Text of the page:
While gameplay mechanics are a bit abstract, the potential for a meaningful and engaging educational experience is where The Cat and the Coup excels.

Check out The Cat and the Coup’s unique vision below.



[Next up: A Dinner Date for one]

Other Nominations: N/A
Developer: Stout Games
Platform: Windows
Release Date: Available Now
Price: $6.78

Stout Games offers another example of experimental play in Dinner Date, an interactive narrative that subjects you to the subconscious of a man in the midst of being stood up.

Intended to provide a portal into the most private thoughts of Julian Luxemburg, the player will discover his deepest hopes and darkest fears as the clock ticks by. Luxemburg's thoughts eventually wander to his vocation, friends, and even his place in the world. Interacting with Luxemburg and the environment will yield glimpses into every facet of his life, initiated through tapping letters on the keyboard that correspond to floating thought bubbles.

Dinner Date includes 25 minutes of voiced inner dialogue in a carefully crafted experience. So carefully crafted, in fact, that Stout took the time to pair a wine with the game in order to fully engross the player. They recommend a bottle of Otra Vida Merlot, if you’re curious.

Join Luxemburg for dinner below.


[Next up: Life is full of hazards ]

Other Nominations: N/A
Developer: Demruth
Platform: Windows
Release Date: TBA
Price: TBA

Hazard: The Journey of life is a tough game to wrap one's mind around, let alone describe. This is compounded by the fact that Hazard prides itself in being deceptive world where nothing is as it seems. A first-person exploration/puzzle game with surrealist overtones, Hazard presents the player with a maze where geometry can be manipulated. On a more philosophical note, Hazard is intended to foster an appreciation for life’s simplicities such as discovery and learning through curiosity.

Trial and error are essential to learning the vocabulary of the world. Players can manipulate the maze with various guns, each changing how they interact with the geometry of the level. Don’t let the inclusion of firearms fool you, however. There are no hidden action or shooter overtones in Hazard. Using the guns to solve puzzles requires lateral and logical thought on the part of the player. If a puzzle proves too difficult when you first encounter it, running down an alternate path will teach you mechanics in a more digestible fashion.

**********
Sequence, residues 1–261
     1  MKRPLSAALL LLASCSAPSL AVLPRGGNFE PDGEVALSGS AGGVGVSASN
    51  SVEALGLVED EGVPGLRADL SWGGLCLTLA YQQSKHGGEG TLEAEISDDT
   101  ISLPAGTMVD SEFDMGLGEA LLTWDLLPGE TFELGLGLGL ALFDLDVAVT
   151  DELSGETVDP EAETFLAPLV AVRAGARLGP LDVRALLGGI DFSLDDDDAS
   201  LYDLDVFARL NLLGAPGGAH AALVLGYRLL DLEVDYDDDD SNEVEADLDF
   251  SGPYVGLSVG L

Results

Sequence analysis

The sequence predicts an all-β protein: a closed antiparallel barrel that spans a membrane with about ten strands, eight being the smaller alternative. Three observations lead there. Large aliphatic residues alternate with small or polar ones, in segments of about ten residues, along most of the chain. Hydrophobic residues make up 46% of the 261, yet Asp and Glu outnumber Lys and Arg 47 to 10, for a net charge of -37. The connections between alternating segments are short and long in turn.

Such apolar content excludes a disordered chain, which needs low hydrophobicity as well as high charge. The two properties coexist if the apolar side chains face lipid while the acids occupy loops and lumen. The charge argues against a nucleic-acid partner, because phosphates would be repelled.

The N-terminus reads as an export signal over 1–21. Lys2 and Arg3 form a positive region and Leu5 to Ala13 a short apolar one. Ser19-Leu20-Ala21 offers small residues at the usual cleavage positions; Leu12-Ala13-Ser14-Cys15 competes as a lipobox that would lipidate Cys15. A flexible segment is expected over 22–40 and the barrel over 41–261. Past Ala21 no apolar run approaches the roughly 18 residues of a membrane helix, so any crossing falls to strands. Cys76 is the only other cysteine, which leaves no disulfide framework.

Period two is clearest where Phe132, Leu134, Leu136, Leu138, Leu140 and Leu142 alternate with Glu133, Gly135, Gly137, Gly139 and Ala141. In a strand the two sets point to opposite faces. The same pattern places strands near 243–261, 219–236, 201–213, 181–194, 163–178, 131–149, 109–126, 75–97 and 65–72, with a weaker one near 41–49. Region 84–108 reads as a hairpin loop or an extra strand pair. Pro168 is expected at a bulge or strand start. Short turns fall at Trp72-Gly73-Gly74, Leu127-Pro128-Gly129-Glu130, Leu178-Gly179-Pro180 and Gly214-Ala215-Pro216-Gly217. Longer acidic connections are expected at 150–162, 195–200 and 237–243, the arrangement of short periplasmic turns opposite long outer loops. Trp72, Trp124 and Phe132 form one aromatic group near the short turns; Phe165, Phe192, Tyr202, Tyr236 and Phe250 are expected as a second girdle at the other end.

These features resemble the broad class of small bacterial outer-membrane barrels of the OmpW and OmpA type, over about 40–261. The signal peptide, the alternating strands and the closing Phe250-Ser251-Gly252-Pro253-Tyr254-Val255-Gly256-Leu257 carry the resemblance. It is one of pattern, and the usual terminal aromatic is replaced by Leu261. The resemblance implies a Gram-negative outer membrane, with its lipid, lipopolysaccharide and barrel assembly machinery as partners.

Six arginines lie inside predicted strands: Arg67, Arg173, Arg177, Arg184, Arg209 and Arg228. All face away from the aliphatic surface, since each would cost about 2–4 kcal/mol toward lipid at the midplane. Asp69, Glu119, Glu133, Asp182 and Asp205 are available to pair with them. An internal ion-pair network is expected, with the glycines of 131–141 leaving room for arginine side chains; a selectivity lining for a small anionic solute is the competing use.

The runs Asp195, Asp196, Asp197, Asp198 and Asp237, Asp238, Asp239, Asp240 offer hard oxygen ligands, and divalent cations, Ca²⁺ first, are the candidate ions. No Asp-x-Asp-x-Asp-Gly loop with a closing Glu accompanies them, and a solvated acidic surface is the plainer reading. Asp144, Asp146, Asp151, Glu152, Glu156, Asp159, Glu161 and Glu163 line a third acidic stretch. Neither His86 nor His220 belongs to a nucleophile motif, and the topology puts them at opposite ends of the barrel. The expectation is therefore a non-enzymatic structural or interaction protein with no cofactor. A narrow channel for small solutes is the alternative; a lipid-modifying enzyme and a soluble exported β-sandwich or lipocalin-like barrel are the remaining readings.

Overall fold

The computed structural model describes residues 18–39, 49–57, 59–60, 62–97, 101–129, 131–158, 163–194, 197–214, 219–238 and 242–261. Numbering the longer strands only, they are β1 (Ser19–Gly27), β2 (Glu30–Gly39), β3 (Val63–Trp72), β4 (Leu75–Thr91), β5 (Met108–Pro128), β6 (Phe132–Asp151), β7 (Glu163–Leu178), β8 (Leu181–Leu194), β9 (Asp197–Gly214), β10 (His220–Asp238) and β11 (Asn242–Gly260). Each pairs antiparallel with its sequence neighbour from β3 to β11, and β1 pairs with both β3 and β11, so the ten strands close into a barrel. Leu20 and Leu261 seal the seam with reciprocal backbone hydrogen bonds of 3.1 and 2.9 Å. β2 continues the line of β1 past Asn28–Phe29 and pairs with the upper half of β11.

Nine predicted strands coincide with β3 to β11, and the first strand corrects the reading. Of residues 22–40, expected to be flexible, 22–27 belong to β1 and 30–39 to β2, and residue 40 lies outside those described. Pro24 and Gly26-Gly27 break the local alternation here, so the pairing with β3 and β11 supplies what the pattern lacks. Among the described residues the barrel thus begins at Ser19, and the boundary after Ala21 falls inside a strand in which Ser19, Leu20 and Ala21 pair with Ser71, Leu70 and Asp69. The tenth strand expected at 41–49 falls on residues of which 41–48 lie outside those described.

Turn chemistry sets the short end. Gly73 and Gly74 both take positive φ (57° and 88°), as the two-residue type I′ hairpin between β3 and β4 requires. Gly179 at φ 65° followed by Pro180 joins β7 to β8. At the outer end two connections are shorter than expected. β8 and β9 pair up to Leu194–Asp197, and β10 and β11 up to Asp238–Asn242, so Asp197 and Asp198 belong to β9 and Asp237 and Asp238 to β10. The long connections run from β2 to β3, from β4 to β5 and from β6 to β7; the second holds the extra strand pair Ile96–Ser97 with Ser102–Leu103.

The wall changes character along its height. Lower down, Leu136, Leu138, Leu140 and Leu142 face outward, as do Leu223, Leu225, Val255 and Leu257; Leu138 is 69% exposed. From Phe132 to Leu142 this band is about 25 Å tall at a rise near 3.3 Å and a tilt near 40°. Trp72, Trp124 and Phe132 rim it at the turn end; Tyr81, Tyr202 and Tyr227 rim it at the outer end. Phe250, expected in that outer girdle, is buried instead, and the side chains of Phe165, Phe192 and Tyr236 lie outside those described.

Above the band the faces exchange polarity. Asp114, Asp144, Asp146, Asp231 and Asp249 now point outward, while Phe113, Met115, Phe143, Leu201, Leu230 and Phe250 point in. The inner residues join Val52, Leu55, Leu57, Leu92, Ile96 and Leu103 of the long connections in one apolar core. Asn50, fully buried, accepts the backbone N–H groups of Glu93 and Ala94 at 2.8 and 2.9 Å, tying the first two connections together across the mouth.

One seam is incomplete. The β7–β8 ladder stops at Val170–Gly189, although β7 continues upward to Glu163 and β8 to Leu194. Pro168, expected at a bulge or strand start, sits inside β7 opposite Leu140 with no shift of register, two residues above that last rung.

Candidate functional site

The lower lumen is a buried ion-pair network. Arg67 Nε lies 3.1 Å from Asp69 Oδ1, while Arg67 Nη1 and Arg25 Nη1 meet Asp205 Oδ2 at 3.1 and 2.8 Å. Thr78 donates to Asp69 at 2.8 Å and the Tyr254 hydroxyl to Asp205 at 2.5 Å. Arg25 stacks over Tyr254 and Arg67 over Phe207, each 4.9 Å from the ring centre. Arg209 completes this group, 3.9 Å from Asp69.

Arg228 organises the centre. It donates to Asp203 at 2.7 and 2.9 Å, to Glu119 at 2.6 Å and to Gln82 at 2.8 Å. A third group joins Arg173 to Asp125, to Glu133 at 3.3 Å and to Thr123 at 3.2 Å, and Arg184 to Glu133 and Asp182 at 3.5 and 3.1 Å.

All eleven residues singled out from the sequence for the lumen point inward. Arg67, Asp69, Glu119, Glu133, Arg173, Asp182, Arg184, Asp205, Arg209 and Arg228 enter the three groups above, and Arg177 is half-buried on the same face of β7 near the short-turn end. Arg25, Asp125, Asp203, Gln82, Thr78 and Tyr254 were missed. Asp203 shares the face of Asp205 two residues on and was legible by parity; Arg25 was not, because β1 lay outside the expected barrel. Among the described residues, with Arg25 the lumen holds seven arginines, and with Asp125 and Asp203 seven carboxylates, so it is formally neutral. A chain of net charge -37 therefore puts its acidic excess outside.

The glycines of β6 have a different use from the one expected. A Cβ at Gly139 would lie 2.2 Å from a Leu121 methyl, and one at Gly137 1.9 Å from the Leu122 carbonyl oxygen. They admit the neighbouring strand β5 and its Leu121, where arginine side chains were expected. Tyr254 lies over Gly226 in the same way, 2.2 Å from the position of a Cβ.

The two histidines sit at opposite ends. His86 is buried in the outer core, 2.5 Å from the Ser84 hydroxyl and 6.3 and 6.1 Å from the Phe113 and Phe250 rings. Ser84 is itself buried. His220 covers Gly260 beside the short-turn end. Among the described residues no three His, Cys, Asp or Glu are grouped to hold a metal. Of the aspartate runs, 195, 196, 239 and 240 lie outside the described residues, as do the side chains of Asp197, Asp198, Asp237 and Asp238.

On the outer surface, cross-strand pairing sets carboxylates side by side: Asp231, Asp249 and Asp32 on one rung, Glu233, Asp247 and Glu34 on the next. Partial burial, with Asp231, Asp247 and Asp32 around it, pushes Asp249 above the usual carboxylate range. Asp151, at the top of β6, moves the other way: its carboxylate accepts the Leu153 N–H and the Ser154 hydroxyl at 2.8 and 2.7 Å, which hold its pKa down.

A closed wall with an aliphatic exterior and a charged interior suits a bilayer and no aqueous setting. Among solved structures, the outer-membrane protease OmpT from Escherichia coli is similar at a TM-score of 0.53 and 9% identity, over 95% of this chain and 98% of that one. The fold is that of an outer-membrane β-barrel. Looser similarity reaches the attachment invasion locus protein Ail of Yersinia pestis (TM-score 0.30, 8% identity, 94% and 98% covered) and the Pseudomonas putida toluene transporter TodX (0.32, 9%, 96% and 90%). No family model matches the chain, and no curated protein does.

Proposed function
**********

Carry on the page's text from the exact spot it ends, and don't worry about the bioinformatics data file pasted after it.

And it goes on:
Depth is Hazard’s goal, not accessibility. As you proceed through the game space will wrap around upon itself, paths will change destinations, obstacles will disappear, and walls break apart and reform. Once you’ve trained yourself to think within the confines of this abstract and engaging world, Hazard: The Journey of Life shines as a truly unique game that challenges traditional game design.

Check out Hazard: The Journey of Life in action below.


[Next up: A House in California beckons]

Other Nominations:
Developer: Cardboard Computer
Platform: Windows, Mac, Linux
Release Date: Available Now
Price: Free

A House in California uncovers what’s truly at the heart of a home through the exploration of four characters. The characters are based on the developer’s real life relations and the loose narrative resembles a poem about family and memory.

The player interacts with the environment through simple point-and-click commands such as “look,” “play,” “remember,” “forget,” “catch,” “cook,” “befriend,” and more. Combining commands with objects in the minimalist setting will yield different results. "Looking" at the moon will reveal a whimsical thought about its size, while "remembering" the moon transports the player to a new area to explore. Most of the intended interactions are discovered through experimentation, but the player is rewarded with thoughts and memories even for “incorrect” pairings. All interactions provide further context to the character, however, and aid in solving the light puzzle elements of the game.

Both the sound design and visuals are quite simple, but have a pleasant ambiance to them that complements the slightly foggy and abstract nature of the game.

Take a peek at A House in California below.


[Next up: Loop the Raccord]

Other Nominations:  N/A
Developer: Nicolai Troshinsky
Platform: PC
Release Date: TBA
Price: TBA

Loop Raccord is by far the most abstract of the Nuovo nominees, but it is no less engaging for it. The “video editing game” instructs the player to manipulate a grid of clips in order to create continuous movement between panels. This is done through careful timing to ensure that motions are synchronized.

For example, if a ball were to bounce off the right side of the first clip’s window, the player would need to start and stop the adjacent clip to align the motion – perhaps of a person falling down.

Inspired by experimental cinema and independent animation, Loop Raccord “tries to use cinematographic language as gameplay.” The clips come from various sources and layer audio on top each other, creating a cacophony of sounds and motions.

Developer Nicolai Troshinsky notes that Loop Raccord marks the debut of his “Recycling Games” project, which will focus on creating experiences from preexisting audio and visual material.

[Next up: Be on guard with Messhof's Nidhogg ]

Other Nominations: Excellence in Design, Seumas McNally Grand Prize
Developer:  Messhof
Platform: PC
Release Date:  TBA
Price: TBA

Nidhogg is shaping up nicely. So nicely, in fact, it was nominated in three unique categories. Read our original IGF preview here, or check out a humorous look at Nidhogg's "hollywood connections" below.



Nuovo Award Honorable Mentions: Amnesia: The Dark Descent (Frictional Games), Choice Of Broadsides (Choice Of Games), Faraway (Steph Thirion), Feign (Ian Snyder), Spy Party (Chris Hecker)